Chronic administration of synthetic cannabidiol induces antidepressant effects involving modulation of serotonin and noradrenaline levels in the hippocampus.
Cannabidiol (CBD) is a non-psychotomimetic compound derived from Cannabis sativa. Preclinical and clinical studies have shown therapeutic potential of CBD in a variety of disorders. Despite several research efforts on CBD, its antidepressant activity has been poorly investigated and the exact mechanism of action remains unclear. Thus, this study aimed to further explore the mechanism of CBD after chronic administration (7 days). First, the dose level of CBD that is enough to produce antidepressant effects after chronic administration was explored. Second, the changes in key proteins and neurotransmitters through such methods as real-time polymerase chain reaction (RT-PCR), western blotting, and high-performance liquid chromatography-electrochemical detection (HPLC-ECD) were critically studied. Furthermore, correlation between behavioral phenotypes with protein and neurotransmitters was established and the possible mechanism was herein postulated. The results showed that only the high dose CBD 100 mg/kg chronic administration induced antidepressant-like effects in mice subjected to forced swim test. Chronic CBD 100 mg/kg administration resulted in significant increases in serotonin (5-HT) and noradrenaline (NA) levels in the hippocampus (HPC). Similarly, the chronic administration of CBD 30 mg/kg and CBD 100 mg/kg significantly decreased nuclear factor kappa B (NF-κB) expression in the HPC. Moreover, none of the treatments were observed to induce locomotor effects. Thus, we concluded that chronic administration of CBD (100 mg/kg) induced antidepressant-like effects by increasing 5-HT and NA levels in the HPC. These results shed new light on further discovery of the antidepressant effect of CBD.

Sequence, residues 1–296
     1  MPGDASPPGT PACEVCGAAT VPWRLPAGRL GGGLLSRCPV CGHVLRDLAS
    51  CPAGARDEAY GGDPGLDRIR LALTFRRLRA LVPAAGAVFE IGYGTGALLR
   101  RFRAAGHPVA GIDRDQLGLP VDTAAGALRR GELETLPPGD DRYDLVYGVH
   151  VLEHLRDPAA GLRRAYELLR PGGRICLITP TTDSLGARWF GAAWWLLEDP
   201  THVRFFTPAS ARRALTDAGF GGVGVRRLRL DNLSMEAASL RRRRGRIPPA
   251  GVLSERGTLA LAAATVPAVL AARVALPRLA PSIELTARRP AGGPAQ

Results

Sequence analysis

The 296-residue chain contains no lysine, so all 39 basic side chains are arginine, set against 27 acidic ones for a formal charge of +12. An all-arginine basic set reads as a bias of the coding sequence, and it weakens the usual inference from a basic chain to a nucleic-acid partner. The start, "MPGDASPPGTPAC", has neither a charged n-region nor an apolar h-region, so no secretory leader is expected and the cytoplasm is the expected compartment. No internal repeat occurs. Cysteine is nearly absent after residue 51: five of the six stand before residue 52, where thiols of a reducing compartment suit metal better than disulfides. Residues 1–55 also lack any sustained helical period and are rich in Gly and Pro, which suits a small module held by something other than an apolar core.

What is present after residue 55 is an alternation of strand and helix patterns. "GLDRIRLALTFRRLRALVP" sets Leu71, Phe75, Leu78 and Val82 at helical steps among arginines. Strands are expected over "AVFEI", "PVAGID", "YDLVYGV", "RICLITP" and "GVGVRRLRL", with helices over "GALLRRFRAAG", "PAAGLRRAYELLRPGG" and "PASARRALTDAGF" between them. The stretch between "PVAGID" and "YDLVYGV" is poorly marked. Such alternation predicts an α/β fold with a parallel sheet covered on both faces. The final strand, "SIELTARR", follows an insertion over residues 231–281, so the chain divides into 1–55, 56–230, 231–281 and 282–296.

Keywords: Synthetic cannabidiol; depression; noradrenaline; nuclear factor kappa B; serotonin.
Copyright © 2020. Published by Elsevier B.V.
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